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C J Sansom
Diamond Dagger Interview by Andrew Taylor (Diamond Dagger winner 2009).
- What was your first childhood encounter with crime and/or historical fiction?
The Sherlock Holmes short stories, collected in one volume and taken from the local library. From the beginning it was Holmes’s deductive insights which fascinated me, though when I read the long novels straight afterwards I can still remember the sheer thrill of The Hound of the Baskervilles.
- What led you to write your very first novel?
I had wanted to write a novel for a good many years, but realised I didn’t have the energy to work full-time as a litigation solicitor and also write a novel in my spare time – though some people, like my friend the late PD James, do have the energy to work full-time and write as well. I think it’s a matter of individual physiology. However, when a legacy enabled me to take a year off work in 2000 I grabbed at the chance. Among the various plot ideas I had been playing with in my head was a murder mystery set in 1537, around the Dissolution of the Monasteries. And so, I did the research and off I went. I had a History PhD, which was a great help.
- Did you set out to write a crime novel or historical novel?
Unquestionably, both. I wanted to write a crime novel which also reflected the world of the Dissolution.
- And when was the moment you knew that writing fiction was going to be more than a hobby for you?
I would say as long ago as my thirties, in the 1980s. And while I didn’t have the energy to work on a novel while working full-time, I did attend a lot of book groups and writing groups where I learned a lot and enjoyed the exercises in writing short stories. I thought an attempt to write a novel would have to wait until retirement, but chance allowed me to start earlier.
- How has your own life experience affected the novels you write?
Graham Greene said that “childhood is the writer’s bank balance.” I think that is true for me to a large extent. I had a horrible childhood at an Edinburgh private school. It may sound pretty overwrought to say so – it was of course nothing like the truly terrible and desperate experiences that children and adults suffer under authoritarian political regimes. But a child is conscious only of its own limited world, and a common theme in all my books is outsiders struggling in an environment where you dare not take a step out of line, or the wolves will be on you. On the other hand, being bullied and isolated, coupled with the fact that I belonged to the first generation of children who watched TV, meant that I lived to a great extent in my own imagination, making up stories in my head, and reading fiction voraciously.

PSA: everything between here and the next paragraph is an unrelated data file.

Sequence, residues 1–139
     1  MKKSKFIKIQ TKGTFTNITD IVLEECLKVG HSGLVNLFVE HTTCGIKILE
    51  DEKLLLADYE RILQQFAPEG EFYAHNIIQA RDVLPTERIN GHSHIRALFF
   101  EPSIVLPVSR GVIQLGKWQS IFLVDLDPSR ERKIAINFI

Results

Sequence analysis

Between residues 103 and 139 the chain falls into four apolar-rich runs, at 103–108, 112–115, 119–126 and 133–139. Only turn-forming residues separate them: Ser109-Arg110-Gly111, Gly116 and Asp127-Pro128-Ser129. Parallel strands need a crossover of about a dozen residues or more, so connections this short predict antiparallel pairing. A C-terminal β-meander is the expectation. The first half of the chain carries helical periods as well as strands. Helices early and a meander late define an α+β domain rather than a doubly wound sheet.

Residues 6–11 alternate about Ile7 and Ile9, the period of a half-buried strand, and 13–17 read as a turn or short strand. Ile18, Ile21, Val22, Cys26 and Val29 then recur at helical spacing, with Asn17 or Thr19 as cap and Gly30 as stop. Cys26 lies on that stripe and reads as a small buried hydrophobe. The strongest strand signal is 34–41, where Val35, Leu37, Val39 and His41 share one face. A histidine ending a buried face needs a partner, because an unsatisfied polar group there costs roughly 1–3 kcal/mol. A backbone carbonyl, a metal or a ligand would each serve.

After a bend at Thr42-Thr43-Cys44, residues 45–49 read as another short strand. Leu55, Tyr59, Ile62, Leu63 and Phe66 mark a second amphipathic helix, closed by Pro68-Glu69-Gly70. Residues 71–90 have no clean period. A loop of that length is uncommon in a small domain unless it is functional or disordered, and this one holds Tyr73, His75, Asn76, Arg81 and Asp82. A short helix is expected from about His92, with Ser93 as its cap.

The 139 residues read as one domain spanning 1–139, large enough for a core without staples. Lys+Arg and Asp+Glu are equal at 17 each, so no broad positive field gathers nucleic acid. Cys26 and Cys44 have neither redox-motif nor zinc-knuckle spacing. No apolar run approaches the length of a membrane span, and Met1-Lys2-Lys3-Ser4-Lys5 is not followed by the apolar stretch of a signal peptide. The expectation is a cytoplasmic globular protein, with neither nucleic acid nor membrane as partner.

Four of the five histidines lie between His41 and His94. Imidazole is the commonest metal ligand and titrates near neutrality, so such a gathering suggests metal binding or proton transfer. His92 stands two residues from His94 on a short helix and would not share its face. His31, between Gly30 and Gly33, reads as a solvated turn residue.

- Why Shardlake? Why did you choose to set the series in this period of Tudor history?
I am very interested in the period of the “mid-Tudor crisis”, the tumultuous later years of Henry VIII, the short reigns of his two children Edward VI and Mary I, and finally the religious, political and economic “Elizabethan settlement”. Some historians argue that there was a series of separate unconnected crises, noting that four different monarchs, (five if you count Jane Grey), occupied the English throne between 1542 and 1560. However I think that during this period the economic impoverishment and inflation caused by Henry VIII’s expensive and failed wars of the early 1540s was a continuing theme, along with religious differences. I would extend the period back to 1536, with the Dissolution of the Monasteries which caused massive social upheaval – and the period also saw two massive rebellions of the common people against the economic, political and religious elites, in 1536 and 1549. Either way, this is a very rich seam of historical change.
As for Shardlake, I had decided to make my investigator a lawyer like myself and I also wanted him to be an outsider, questioning of both sides in the Catholic versus Protestant debate and conscious the depth of social injustice (in Tudor terms, a “Commonwealth man”.) And giving him a disability against which there was much prejudice at the time gave him personal reasons to be an outsider. And then, somehow, he came fully formed from the mists of my subconscious into my conscious mind – literally overnight.
- How do you write? Do you aim to do all the research first? Are you a planner, and do you set yourself daily/weekly targets? Do you work to a set routine?